In Development – Making Modern Mana

There are about two weeks (give or take) left in the PT Dragon’s Maze qualifier season. That’s about two more weeks of trying to figure out how to build Modern decks, which means trying to figure out Modern mana bases.

It also means I’ll offer a bit of an apology here for getting to today’s offering a little later than I’d have liked in the season. Fortunately, now that I’ve gone through the grunt work of converting this sucker and all its exciting dependencies into Excel, it’ll be much easier to update it for future Modern seasons—and use it as the base of worksheets for other formats as well.

That’s right, today we have the Modern mana base worksheet, along with a fixed Standard worksheet, and an alternate take on a Standard mana base worksheet that you may want to take a look at.

We’ll get to the Modern worksheet and how to use it presently—but first, let’s touch on Standard one more time.

Updated Standard Worksheets

We have two updates to the Standard worksheet I presented last time—a fix, and a complete reworking.

Fixing Those Buggy Buddy Lands

As several of you pointed out last time, the worksheet had a bit of an error. In summary, it wasn’t properly calculating the likelihood that your buddy lands would enter the battlefield untapped. That actually didn’t have much impact on the worksheet as designed, but I’m glad for the catch.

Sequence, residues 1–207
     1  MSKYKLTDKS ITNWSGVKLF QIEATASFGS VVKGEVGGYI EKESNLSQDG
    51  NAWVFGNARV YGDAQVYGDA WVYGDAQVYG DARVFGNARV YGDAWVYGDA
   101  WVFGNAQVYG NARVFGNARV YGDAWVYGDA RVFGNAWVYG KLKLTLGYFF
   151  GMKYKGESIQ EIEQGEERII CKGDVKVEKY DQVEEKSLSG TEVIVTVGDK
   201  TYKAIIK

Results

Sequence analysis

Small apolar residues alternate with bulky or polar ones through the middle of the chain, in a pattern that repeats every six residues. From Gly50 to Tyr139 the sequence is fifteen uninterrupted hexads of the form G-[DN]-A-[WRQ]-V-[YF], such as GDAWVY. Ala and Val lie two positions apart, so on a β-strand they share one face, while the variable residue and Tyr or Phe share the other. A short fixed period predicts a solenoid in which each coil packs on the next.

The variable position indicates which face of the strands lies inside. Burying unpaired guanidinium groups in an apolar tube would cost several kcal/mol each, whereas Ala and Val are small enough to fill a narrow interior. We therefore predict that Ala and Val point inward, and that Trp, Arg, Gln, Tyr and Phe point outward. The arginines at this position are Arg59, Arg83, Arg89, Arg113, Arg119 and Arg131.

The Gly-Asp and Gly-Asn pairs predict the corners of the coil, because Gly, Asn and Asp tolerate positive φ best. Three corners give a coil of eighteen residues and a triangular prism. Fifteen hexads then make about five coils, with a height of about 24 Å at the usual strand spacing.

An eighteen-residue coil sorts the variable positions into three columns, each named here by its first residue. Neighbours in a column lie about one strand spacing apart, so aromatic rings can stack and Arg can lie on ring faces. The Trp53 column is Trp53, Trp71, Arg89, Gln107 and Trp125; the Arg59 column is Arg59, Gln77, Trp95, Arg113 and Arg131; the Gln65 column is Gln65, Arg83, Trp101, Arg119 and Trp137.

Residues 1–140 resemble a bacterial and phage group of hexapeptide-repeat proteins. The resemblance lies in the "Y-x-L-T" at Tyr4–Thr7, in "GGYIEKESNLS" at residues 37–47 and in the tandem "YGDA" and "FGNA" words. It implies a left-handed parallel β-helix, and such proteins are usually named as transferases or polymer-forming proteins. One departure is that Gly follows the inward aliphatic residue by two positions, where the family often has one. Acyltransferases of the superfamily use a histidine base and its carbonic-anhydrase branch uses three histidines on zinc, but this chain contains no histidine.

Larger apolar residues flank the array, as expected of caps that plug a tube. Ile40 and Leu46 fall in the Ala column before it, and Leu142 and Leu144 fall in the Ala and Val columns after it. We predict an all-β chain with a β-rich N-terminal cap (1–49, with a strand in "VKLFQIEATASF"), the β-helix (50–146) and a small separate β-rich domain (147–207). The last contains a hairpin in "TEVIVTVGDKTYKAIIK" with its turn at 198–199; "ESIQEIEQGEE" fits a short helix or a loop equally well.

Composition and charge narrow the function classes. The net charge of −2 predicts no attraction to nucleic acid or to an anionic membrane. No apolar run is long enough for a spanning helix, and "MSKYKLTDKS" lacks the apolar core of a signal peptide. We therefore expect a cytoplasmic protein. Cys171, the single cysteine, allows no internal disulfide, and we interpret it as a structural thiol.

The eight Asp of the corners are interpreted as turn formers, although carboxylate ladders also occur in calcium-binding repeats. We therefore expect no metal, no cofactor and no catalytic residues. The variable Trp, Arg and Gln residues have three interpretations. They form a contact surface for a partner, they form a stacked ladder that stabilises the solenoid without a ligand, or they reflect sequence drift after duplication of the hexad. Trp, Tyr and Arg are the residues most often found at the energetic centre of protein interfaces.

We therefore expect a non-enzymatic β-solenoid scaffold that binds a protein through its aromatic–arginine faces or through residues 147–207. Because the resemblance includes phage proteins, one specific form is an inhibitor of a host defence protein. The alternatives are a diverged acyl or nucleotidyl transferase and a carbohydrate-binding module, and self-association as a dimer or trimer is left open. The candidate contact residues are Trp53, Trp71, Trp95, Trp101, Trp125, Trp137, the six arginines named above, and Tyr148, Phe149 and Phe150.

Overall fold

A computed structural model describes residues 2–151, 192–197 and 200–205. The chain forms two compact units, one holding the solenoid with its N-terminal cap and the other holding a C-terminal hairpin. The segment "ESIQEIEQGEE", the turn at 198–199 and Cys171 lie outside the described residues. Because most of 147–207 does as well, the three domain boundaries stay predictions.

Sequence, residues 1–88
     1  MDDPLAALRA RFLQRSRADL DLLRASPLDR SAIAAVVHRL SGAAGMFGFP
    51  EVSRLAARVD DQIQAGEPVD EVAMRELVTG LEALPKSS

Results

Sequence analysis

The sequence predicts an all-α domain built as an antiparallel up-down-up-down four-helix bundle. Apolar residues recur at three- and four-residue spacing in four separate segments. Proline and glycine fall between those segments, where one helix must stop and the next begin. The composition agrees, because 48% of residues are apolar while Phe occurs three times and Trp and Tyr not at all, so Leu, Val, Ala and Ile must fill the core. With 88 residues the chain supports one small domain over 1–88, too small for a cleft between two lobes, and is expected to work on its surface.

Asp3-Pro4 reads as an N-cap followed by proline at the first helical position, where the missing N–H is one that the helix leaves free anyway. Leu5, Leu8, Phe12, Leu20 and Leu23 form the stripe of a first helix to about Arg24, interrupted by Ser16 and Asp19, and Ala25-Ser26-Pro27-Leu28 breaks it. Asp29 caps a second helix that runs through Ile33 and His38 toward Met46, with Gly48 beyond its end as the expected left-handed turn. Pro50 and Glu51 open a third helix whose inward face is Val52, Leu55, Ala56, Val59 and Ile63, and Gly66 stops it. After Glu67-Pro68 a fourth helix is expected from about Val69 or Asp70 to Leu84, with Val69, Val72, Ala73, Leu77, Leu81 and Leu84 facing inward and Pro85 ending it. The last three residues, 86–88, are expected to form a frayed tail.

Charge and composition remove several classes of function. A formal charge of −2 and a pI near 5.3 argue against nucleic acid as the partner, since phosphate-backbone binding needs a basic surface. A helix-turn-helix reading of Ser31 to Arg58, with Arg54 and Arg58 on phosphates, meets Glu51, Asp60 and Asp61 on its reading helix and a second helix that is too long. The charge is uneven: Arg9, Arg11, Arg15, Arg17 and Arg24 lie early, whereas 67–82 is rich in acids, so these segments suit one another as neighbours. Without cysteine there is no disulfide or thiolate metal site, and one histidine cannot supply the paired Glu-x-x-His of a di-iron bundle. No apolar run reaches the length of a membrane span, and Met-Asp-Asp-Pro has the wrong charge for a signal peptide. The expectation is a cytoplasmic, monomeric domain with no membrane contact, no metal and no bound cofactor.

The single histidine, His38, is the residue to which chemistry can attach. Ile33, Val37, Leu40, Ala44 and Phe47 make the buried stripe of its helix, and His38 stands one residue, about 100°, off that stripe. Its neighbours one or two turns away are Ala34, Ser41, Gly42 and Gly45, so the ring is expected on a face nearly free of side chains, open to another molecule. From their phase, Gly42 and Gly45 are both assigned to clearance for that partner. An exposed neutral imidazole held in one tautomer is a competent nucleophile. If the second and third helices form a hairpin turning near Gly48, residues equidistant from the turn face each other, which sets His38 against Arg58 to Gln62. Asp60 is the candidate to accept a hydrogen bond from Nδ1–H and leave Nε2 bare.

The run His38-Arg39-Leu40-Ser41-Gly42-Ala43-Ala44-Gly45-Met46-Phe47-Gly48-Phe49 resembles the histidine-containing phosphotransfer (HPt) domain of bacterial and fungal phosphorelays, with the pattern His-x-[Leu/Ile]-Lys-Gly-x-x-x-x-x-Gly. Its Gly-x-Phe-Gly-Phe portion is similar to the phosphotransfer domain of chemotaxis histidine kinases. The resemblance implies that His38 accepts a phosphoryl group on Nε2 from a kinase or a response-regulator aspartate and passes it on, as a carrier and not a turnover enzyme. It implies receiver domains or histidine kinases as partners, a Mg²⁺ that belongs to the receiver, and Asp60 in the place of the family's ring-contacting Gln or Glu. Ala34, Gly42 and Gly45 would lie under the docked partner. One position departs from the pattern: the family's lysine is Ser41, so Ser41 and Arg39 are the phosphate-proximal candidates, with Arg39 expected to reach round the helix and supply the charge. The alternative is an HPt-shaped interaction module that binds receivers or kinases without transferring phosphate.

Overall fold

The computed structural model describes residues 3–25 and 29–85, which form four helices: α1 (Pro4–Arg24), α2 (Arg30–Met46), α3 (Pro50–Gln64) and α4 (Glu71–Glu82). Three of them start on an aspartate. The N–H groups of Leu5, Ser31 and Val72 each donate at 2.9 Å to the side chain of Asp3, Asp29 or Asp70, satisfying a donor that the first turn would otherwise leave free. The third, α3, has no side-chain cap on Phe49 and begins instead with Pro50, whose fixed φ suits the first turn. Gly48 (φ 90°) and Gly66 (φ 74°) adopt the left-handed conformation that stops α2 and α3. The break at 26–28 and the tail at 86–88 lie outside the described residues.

Here’s the fixed Standard worksheet.

Another Take on a Standard Worksheet

Last week, Chris Rollins made some good comments on the Standard Worksheet and then went ahead and emailed his significant modification to the idea. Chris focused his efforts on properly representing your ability to hit mana in various two-color combinations, a really good idea that I incorporated into the Modern mana base worksheet I’m presenting today (although I took a very different tack on it than Chris did).

Chris’s worksheet is a nice, clean presentation of a useful, alternate take on figuring out your mana for post-Gatecrash Standard. I recommend taking a look at it—and encourage all of you to tinker with the worksheets I put up. I’m confident many of you will come up with handy ideas and metrics for evaluating your color choices that will help the rest of us figure out if we’re building our mana bases correctly.

Here’s Chris’s Standard worksheet

The Modern Mana Base Worksheet

Okay, now for all of you sweating out the last two weeks of the Modern season, here’s the new Modern mana base worksheet: